How was Troy Davis

Execution in the USA: Troy Davis is dead

In 1991 Davis was sentenced to death for the shooting of a 27-year-old white police officer and family man. Mark MacPhail was shot dead in 1989 in Savannah, Georgia. Neither the murder weapon nor DNA traces or fingerprints were found that indicated the African American as the perpetrator. Davis' case was considered one of the most controversial legal cases in the United States. Seven out of nine witnesses who named him as a perpetrator withdrew their testimony. Some said they were forced to testify by police officers. The execution, which took place on Wednesday evening (local time), was criticized internationally. The convict's lawyers declared to the last that their client was innocent.

According to eyewitnesses, Davis also protested his innocence shortly before his death. The policeman's murder "wasn't my fault, I didn't have a gun," he said, according to a journalist. "To those who want to take my life, may God bless you." Troy Davis died on Wednesday evening (Thursday, 5:08 am CEST).

The Supreme Court rejected motion to stop the execution

Davis' attorney Brian Kammer had been trying to prevent the execution until the last time, when he wrote to the courts that there was new evidence to exonerate his client. On Wednesday, Davis's defense attorney first turned to the Georgia judiciary to obtain a freeze on the execution, citing new evidence to exonerate her client. After the courts dismissed the motion, defense attorneys called the Supreme Court in Washington less than an hour and a half before the scheduled execution at 7 p.m. local time. The prison awaited the decision of the US Supreme Court. But the nine judges also rejected the application at around 10.30 p.m.

Hundreds of supporters were waiting in front of the Georgia prison. They protested with signs and choirs, repeatedly shouting, "The death penalty? Hell no!" and "Free Troy Davis," reported the US television station CNN. A large contingent of police officers in riot gear watched the situation. Around 100 people had previously demonstrated for Davis in front of the White House in Washington. After hopes the Supreme Court would stop the execution, the crowd fell silent after the judges' decision. Davis's relatives huddled together and wept. "This is an atrocity. Nobody can execute a person without solid evidence, there are only eyewitnesses," said human rights activist Al Sharpton.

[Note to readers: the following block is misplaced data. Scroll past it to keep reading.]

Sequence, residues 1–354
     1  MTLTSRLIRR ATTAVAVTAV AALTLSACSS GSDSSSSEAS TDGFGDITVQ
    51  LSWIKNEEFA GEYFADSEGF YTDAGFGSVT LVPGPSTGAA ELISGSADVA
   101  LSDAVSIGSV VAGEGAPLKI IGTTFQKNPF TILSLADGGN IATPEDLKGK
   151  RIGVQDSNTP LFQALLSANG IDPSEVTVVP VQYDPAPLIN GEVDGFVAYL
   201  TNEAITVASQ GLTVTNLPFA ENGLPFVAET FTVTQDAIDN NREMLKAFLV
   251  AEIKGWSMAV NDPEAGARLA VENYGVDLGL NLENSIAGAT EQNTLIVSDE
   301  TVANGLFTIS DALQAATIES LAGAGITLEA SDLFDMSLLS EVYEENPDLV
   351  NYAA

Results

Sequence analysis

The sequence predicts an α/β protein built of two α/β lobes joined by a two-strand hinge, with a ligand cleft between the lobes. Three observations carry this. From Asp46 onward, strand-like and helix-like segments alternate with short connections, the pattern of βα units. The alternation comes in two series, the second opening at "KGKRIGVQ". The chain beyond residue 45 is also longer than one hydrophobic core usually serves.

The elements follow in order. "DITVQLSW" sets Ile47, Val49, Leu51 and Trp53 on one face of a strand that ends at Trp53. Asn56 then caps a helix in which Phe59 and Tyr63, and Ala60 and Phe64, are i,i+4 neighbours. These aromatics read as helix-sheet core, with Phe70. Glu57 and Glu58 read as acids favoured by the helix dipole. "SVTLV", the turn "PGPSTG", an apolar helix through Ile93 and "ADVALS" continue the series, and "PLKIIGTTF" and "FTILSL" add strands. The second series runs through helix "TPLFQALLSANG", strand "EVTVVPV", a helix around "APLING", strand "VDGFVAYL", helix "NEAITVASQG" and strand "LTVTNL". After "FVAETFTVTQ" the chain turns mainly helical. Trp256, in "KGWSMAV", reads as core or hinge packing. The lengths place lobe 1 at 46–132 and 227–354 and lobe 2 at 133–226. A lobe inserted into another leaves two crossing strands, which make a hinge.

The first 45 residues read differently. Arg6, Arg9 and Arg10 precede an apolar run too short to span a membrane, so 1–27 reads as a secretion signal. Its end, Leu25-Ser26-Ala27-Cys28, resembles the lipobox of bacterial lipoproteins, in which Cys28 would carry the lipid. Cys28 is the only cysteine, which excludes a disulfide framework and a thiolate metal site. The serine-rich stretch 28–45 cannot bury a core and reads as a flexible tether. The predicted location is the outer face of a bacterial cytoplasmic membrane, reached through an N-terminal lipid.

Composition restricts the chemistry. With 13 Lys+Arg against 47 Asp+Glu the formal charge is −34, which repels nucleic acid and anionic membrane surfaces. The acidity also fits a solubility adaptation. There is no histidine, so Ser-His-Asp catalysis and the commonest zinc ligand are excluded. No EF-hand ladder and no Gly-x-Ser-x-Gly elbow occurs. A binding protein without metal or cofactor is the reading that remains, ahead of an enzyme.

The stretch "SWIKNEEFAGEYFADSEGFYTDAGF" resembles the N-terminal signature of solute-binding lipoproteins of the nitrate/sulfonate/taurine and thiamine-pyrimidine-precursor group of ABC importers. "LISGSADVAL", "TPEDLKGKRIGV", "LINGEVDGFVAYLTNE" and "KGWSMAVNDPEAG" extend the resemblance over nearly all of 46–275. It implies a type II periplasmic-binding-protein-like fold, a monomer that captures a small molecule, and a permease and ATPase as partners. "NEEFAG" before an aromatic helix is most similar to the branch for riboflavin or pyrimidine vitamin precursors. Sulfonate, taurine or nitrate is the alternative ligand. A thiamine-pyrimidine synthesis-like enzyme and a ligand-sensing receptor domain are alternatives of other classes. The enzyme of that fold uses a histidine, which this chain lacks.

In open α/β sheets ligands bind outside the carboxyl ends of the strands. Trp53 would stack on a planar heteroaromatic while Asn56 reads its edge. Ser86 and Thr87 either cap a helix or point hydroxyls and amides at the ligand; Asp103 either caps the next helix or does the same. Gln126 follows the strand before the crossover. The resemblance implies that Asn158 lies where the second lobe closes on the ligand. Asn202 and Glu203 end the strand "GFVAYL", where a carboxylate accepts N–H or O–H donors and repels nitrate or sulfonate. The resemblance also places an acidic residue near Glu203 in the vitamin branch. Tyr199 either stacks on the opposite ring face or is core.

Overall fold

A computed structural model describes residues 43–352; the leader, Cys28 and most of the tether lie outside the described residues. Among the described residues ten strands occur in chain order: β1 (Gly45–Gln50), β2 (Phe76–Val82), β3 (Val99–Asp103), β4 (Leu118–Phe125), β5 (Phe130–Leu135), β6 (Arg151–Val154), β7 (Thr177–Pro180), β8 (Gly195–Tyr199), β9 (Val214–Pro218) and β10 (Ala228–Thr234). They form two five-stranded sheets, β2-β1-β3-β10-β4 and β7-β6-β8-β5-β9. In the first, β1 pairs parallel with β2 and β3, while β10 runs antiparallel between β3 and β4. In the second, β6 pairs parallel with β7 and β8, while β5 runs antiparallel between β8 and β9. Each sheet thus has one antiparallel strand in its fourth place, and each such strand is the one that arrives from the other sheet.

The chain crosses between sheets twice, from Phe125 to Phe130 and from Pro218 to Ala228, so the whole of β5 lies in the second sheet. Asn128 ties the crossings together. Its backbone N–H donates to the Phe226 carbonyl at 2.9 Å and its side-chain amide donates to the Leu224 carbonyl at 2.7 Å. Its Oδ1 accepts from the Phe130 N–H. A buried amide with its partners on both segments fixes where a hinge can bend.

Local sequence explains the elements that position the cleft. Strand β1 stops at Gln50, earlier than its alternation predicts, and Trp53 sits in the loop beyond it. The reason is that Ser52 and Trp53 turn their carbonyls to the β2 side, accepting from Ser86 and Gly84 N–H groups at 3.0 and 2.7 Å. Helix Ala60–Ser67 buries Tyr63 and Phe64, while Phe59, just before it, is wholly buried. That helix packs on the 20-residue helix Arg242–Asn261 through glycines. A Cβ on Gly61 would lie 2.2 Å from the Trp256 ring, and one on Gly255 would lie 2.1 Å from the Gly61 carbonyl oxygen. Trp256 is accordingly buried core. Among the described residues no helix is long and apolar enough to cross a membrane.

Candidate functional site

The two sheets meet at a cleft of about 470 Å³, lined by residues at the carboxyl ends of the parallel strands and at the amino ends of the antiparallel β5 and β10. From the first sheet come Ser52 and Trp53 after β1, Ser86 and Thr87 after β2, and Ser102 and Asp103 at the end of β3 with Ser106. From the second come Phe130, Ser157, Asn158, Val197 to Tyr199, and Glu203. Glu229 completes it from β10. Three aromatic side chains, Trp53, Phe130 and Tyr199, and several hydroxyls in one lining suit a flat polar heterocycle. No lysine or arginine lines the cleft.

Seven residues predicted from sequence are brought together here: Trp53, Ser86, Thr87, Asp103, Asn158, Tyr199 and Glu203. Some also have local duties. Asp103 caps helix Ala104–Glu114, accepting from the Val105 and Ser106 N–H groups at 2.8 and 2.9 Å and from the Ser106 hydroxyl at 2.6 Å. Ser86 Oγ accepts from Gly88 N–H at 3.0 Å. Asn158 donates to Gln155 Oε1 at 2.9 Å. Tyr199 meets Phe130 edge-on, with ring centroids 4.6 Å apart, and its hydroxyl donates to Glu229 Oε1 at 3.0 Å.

The Pope also stood up for the condemned

Davis had the support not only of numerous African Americans, who saw him as the typical case of an unjustly accused black, but also of well-known personalities. Former US President Jimmy Carter was just as committed to his fate as Pope Benedict XVI. and US actress Susan Sarandon. France regretted the execution and reiterated its rejection of the death penalty, as the Foreign Ministry announced in Paris on Thursday.

The mother of the killed policeman, Anneliese MacPhail, criticized the delay in the execution on CNN. She was "completely devastated," and Davis' guilt was in no doubt.

The execution had been postponed three times

Davis's execution had already been postponed three times. In August 2009, the Supreme Court ordered a federal court to reopen the case. Although seven of the nine witnesses withdrew their testimony, the court upheld the death sentence in August 2010. In March 2011, Davis failed with a final appeal to the Supreme Court. On Tuesday, the Georgia Parole Board denied a motion to commute the death penalty.

US President Barack Obama declined to interfere in the case on Wednesday, his spokesman said. It is not up to the President to interfere in such a special case, it is a matter for the state. afp